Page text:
Medicaid Drug Rebate Program:

Inadequate Oversight Raises Concerns about Rebates Paid to States

GAO-05-850T: Published: Jun 22, 2005. Publicly Released: Jun 22, 2005.

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To help control Medicaid spending on drugs, states receive rebates from pharmaceutical manufacturers through the Medicaid drug rebate program. Rebates are based on two prices--best price and average manufacturer price (AMP)--reported by manufacturers. GAO was asked to discuss issues relating to the rebate program and in February 2005 issued a report, Medicaid Drug Rebate Program: Inadequate Oversight Raises Concerns about Rebates Paid to States (GAO-05-102). For that report, GAO reviewed program guidance and OIG reports and conducted an analysis of rebates for brand name drugs. This testimony is based on the February 2005 report.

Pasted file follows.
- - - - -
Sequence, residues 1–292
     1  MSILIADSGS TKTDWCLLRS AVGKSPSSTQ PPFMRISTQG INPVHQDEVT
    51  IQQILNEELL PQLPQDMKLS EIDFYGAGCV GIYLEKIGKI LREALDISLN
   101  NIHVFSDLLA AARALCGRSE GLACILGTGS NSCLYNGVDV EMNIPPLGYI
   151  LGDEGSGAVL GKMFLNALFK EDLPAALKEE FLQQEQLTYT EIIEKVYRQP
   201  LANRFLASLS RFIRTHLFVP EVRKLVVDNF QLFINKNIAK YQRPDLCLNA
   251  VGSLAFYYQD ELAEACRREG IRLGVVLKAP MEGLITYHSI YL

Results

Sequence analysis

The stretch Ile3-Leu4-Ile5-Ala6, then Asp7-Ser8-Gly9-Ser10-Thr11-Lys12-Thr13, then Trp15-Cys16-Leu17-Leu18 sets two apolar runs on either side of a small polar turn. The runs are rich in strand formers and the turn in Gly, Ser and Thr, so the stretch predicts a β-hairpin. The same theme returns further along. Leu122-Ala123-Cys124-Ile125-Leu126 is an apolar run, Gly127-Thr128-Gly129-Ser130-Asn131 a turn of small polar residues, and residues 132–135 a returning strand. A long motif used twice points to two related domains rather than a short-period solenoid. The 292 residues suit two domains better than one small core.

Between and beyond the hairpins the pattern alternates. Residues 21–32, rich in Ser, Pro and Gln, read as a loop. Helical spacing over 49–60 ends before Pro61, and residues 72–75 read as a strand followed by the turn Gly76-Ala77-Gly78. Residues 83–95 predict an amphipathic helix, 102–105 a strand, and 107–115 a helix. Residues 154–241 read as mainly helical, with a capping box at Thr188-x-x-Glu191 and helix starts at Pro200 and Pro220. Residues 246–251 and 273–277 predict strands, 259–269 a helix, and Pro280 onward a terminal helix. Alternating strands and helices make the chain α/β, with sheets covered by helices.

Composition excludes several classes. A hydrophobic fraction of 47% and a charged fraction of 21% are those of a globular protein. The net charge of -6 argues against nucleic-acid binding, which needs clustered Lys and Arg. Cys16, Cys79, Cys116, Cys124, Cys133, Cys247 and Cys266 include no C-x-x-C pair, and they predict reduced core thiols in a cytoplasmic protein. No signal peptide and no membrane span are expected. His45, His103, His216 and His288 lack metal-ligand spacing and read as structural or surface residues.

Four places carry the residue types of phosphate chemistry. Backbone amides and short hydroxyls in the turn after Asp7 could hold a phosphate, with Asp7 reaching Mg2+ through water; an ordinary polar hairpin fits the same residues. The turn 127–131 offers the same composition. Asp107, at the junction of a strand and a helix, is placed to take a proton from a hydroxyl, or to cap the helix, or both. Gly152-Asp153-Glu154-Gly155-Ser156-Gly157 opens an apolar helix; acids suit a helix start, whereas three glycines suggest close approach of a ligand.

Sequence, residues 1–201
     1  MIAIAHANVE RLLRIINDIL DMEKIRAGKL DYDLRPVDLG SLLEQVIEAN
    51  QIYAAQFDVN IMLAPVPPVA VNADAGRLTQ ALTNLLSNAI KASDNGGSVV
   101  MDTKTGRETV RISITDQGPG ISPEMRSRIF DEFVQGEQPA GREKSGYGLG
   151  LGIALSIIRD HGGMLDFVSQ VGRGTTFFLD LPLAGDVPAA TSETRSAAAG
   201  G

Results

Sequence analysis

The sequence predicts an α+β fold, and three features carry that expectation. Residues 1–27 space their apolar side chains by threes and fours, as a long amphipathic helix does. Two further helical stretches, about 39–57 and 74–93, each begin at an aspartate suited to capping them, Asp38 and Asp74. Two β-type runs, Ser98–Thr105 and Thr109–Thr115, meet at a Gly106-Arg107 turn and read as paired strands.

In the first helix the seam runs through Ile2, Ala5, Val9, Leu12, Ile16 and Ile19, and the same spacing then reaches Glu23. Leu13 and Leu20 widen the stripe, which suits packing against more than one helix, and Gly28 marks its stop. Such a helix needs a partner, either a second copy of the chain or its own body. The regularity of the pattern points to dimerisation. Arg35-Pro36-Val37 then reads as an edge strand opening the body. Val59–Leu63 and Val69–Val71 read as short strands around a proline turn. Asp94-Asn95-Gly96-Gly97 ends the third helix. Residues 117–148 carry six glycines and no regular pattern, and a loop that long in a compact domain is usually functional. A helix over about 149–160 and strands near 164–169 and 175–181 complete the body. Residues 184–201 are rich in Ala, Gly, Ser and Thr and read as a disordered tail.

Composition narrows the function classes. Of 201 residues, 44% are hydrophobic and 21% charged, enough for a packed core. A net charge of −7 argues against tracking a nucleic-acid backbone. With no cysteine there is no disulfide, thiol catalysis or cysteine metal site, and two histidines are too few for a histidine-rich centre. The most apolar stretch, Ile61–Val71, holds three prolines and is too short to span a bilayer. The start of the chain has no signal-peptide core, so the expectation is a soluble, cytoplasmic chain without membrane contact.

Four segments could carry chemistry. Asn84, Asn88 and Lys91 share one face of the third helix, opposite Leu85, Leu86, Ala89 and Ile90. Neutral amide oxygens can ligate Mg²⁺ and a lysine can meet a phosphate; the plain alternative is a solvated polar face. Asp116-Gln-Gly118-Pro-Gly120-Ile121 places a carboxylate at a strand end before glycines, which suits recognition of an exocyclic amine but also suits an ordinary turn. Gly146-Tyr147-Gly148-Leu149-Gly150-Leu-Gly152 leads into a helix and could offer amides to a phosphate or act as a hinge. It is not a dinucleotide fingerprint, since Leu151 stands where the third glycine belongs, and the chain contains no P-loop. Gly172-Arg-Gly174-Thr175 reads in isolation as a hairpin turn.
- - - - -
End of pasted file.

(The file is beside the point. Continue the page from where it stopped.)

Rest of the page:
As noted in the February 2005 report, GAO found that rebate program oversight does not ensure that manufacturer-reported prices or price determination methods are consistent with program criteria specified in the rebate statute, rebate agreement, and Centers for Medicare & Medicaid Services (CMS) program memoranda. In administering the program, CMS conducts only limited checks for reporting errors in manufacturer-reported drug prices and only reviews price determination methods when manufacturers request recalculations of prior rebates. In several reports, the Department of Health and Human Services' (HHS) Office of Inspector General (OIG) identified several factors that limited its ability to verify the accuracy of manufacturer-reported prices, including a lack of clear guidance on how AMP should be calculated. GAO noted that although in some cases OIG found problems with manufacturers' price determination methods and prices, CMS had not followed up with manufacturers to make sure that problems had been resolved. GAO also found considerable variation in the methods that manufacturers used to determine best price and AMP. In some cases, manufacturers' assumptions could have lowered rebates; in other cases, their assumptions could have raised rebates. Manufacturers are allowed to make assumptions when determining best price and AMP, as long as they are consistent with the law and the rebate agreement. GAO found that manufacturers made varying assumptions about which sales and prices to include and exclude from their determinations of best price and AMP. Manufacturers also differed in how they accounted for certain price reductions, fees, and other transactions when determining best price and AMP. The rebates that manufacturers pay to states are based on prices and financial concessions manufacturers make available to entities that purchase their drugs but may not reflect certain financial concessions they offer to other entities. In particular, the rebate program does not clearly address certain manufacturer payments negotiated by pharmacy benefit managers (PBM) on behalf of third-party payers. These types of financial arrangements are relatively new to the market. CMS's guidance to manufacturers has not clearly stated how manufacturers should treat these payments when determining best price and AMP. Additional guidance on how to account for these payments could affect rebates, although whether rebates would increase or decrease as a result, and by how much, is uncertain.

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